More information on Dwolla, and pay as you go

Hi,

Our company is looking at Dwolla (very impressed with the API examples) to run Direct Deposits for our software.

We offer a payroll service where our users would run payroll and pay there employees. Now I gathered some information from looking at the examples and I would like to detail them in a list below to see if I am correct in my approach to partnering with Dwolla.

  1. When our customer signs up for our software, we would provide them the ability to opt for a direct deposit for certain employees or all employees. Which we would have to get them to accept that we will share the information with Dwolla and be able to have that saved into our database to present at any time necessary.

  2. The client, which will always be a business, will then have to be added as verified Business Customer.

  3. When our client adds a bank we will add their bank information, and do a micro deposit check for them to verify the bank.

  4. The employees would be set up as unverified customers that are receive only users that we would capture their bank information inside our software. Would their bank information need to be added to dwolla as well?

  5. After our client runs payroll. We would then process that request through Dwolla to initiate the Standard ACH. Do you have any examples of a bulk amount of many being paid to many customers? I have not been able to find one.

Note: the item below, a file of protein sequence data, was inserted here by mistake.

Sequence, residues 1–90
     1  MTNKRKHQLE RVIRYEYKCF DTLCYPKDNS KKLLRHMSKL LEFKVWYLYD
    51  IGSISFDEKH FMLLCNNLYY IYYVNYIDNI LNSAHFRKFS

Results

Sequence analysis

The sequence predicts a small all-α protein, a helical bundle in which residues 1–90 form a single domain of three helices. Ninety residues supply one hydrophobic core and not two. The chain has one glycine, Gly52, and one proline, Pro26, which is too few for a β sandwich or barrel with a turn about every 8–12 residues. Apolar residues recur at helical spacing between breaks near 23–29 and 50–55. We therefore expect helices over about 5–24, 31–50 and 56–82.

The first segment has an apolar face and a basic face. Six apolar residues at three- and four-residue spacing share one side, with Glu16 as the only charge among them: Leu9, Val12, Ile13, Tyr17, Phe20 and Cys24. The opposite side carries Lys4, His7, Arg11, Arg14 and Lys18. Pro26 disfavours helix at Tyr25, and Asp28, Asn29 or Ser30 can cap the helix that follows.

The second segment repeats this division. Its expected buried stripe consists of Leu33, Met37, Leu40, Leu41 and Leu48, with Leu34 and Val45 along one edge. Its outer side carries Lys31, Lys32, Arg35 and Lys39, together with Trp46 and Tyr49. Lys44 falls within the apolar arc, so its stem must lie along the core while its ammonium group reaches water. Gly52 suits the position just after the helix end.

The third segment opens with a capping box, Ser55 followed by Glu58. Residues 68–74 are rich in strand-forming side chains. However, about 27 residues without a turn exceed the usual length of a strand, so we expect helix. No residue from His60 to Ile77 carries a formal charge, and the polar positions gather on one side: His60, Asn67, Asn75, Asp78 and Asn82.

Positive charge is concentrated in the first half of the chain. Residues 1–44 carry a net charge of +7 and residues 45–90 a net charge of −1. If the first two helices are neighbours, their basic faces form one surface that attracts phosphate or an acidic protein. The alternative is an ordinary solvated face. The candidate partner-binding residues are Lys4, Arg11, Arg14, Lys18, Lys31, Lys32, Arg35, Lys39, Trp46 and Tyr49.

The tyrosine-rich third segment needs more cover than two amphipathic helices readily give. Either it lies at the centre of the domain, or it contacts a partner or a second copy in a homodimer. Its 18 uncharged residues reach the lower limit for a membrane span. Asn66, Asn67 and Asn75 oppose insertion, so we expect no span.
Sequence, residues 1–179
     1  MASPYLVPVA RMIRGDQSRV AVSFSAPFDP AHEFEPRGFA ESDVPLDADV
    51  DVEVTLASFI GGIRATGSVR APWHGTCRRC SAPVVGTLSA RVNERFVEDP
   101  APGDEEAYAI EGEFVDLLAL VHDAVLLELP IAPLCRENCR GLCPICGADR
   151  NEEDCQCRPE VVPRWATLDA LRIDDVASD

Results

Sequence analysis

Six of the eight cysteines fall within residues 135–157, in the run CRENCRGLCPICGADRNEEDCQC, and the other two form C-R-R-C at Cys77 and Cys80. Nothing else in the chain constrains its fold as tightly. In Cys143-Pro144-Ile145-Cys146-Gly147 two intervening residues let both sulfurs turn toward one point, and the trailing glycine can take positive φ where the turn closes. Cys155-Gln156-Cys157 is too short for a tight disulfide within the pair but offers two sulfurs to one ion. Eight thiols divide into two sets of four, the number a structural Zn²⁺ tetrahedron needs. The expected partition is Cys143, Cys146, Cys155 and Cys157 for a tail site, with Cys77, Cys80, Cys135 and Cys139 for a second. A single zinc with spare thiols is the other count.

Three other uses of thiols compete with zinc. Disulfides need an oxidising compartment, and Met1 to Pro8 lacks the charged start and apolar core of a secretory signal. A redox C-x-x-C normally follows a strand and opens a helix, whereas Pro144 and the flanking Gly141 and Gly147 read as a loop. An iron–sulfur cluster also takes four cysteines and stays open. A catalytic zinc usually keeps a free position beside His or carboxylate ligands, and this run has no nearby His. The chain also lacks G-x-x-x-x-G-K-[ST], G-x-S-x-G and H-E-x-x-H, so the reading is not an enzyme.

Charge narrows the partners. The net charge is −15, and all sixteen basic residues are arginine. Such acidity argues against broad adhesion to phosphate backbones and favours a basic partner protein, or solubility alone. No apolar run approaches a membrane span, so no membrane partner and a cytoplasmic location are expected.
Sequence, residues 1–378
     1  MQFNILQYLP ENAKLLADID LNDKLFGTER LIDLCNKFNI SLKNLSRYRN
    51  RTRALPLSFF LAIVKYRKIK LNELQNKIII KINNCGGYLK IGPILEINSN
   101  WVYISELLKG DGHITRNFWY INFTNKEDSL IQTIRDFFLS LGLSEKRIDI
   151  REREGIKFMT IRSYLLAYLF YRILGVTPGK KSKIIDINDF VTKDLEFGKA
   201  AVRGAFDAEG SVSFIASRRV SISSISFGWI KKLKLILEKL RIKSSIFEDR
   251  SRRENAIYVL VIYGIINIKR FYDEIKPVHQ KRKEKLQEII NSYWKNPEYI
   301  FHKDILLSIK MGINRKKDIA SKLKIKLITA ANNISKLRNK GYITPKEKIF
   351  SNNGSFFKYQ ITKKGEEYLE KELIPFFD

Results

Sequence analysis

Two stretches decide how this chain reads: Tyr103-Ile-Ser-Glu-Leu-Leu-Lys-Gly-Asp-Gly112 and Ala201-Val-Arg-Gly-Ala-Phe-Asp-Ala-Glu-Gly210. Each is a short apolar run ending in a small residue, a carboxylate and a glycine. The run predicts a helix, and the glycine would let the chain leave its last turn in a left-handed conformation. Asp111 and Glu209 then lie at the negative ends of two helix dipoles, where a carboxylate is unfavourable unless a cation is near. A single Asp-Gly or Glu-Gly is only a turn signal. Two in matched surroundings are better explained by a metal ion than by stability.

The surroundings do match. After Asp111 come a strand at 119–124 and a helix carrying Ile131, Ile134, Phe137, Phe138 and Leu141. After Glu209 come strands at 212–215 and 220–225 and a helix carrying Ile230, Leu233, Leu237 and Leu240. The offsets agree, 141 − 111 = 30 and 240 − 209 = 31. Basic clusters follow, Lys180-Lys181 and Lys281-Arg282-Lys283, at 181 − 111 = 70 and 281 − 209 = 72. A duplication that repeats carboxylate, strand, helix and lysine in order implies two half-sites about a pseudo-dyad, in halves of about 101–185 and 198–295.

Pricing questions

  1. We will have to start as the pay as you go model. And standard ACH is .5% per transaction with a max of $5. So if our client runs a payroll for $5,000 for 5 employees would that be $5.00 or would that be $5 per employee receiving funds?

  2. How do you receive the funds for the ACH transactions? actually through the transaction itself or will this be billed to us, and we will have to withhold this amount from our client?

  3. Is there the ability to switch pricing tiers seamlessly, so If we were to get enough clients to hit the point where it would make sense to move to the Scale pricing plan would this be a seamless transition (just changing the api keys)?

Sorry for the lengthy post, I appreciate any answers!

Thanks,
Eric

This post was flagged by the community and is temporarily hidden.

Hi,
I think you meant to create your own question, This is a question that I asked!

Sorry for that

Hi @Eric, thanks for posting! See my replies inline below…

Asking a few clarifying questions Who would perform the action for #3 and #4?

Q #3: would you create the Dwolla Customer account and add the bank account on your client’s behalf, or would the client login to your application and submit information required to be created as a verified Business Customer and then submit details for their bank?

Q #4: Would the employees setup their payment account or would your client setup the employees account on their behalf? (assuming they’d have access to their banking data?). The information would need to be collected from the end-user of the app and submitted by them. For example, if I’m an employee, I’d need to sign-up on your app to agree to your TOS and Privacy Policy. Once complete, you’d collect firstName, lastName, and email (which you may already do as part of your user signup) and then direct them to a screen to submit their bank details which would then be passed to Dwolla via the API.